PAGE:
rlfe [-l filename] [-a] [-n appname] [-hv] [command [arguments ...]]
rlfe lets you use history and line-editing in any text oriented tool. This is especially useful with third-party proprietary tools that cannot be distributed linked against readline. It is not perfect but it works pretty well.
- append to the logfile (default is to overwrite).
- -l filename
- log into file.
- -n appname
- set the readline application name.
- print usage string.
- print version information.
PROBLEMS/TODOWhen running mc -c under the Linux console, mc does not recognize mouse clicks, which mc does when not running under fep.
Pasting selected text containing tabs is like hitting the tab character, which invokes readline completion. We don't want this. I don't know if this is fixable without integrating fep into a terminal emulator.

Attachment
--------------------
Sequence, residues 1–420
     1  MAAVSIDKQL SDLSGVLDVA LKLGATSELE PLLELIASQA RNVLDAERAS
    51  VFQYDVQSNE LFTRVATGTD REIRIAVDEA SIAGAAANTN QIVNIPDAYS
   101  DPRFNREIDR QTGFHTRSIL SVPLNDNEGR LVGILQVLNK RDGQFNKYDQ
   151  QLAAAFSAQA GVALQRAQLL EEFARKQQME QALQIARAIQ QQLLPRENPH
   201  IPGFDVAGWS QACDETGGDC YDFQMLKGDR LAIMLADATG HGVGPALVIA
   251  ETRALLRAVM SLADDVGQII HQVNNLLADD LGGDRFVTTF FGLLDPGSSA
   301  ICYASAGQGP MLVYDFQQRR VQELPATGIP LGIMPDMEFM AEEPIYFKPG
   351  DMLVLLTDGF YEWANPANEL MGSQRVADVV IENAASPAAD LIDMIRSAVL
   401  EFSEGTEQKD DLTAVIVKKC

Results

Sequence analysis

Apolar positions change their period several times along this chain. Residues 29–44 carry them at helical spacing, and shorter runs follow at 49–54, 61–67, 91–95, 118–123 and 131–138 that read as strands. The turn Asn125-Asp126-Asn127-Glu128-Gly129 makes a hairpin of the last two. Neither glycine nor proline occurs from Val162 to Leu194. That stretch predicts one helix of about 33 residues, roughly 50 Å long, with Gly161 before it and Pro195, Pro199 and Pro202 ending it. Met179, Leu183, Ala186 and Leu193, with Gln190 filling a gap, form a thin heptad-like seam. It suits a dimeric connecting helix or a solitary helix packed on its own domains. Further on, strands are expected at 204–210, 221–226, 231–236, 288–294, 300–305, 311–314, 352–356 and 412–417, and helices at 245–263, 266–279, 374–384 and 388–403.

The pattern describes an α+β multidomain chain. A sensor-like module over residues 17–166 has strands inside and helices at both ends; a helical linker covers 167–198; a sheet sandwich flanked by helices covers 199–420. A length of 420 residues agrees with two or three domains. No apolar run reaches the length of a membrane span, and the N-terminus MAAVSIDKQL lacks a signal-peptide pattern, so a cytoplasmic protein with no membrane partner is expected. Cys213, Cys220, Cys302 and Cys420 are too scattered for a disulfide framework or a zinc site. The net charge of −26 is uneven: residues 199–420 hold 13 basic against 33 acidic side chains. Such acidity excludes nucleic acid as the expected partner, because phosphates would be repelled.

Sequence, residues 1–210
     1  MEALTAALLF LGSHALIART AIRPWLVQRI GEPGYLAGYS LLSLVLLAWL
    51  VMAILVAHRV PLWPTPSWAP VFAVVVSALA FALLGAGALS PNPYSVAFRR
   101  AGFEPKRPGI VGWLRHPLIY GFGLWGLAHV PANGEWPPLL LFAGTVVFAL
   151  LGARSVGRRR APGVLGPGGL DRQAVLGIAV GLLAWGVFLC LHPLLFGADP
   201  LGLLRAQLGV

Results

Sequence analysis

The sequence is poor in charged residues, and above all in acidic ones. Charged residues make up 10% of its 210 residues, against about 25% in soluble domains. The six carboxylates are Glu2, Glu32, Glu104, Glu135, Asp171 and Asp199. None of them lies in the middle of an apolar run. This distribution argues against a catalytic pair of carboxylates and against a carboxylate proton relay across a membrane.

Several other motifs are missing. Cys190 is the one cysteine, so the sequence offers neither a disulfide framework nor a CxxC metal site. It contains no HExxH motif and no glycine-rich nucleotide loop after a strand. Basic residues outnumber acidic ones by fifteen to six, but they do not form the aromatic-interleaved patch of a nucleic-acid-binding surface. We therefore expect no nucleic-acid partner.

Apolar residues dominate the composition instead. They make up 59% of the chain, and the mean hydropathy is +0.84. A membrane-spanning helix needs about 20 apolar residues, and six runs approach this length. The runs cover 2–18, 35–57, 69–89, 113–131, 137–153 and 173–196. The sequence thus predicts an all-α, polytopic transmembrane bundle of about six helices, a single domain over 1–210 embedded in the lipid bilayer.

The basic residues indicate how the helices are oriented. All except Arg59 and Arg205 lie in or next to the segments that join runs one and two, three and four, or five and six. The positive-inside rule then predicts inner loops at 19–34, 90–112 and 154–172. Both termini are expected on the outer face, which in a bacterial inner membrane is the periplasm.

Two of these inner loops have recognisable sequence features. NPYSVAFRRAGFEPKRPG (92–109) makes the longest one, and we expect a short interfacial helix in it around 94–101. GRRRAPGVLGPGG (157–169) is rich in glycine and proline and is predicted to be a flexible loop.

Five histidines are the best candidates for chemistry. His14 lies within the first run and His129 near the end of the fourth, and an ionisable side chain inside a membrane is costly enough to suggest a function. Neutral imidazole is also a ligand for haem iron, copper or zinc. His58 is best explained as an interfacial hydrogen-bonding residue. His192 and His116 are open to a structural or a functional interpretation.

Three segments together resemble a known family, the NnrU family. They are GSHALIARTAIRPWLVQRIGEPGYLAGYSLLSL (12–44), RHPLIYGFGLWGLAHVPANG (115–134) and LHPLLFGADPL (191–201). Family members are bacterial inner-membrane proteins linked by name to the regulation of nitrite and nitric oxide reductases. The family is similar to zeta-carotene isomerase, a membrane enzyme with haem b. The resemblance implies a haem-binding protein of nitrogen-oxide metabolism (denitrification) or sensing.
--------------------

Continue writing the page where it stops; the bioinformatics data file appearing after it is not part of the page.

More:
Echo suppression is a kludge, but can only be avoided with better kernel support: We need a tty mode to disable "real" echoing, while still letting the inferior think its tty driver to doing echoing. Stevens's book claims SCR$ and BSD4.3+ have TIOCREMOTE.
The latest readline may have some hooks we can use to avoid having to back up the prompt.
Desirable readline feature: When in cooked no-echo mode (e.g. password), echo characters are they are types with '*', but remove them when done.
A synchronous output while we're editing an input line should be inserted in the output view.PPbefore* the input line, so that the lines being edited (with the prompt) float at the end of the input.
A "page mode" option to emulate more/less behavior: At each page of output, pause for a user command. This required parsing the output to keep track of line lengths. It also requires remembering the output, if we want an option to scroll back, which suggests that this should be integrated with a terminal emulator like xterm.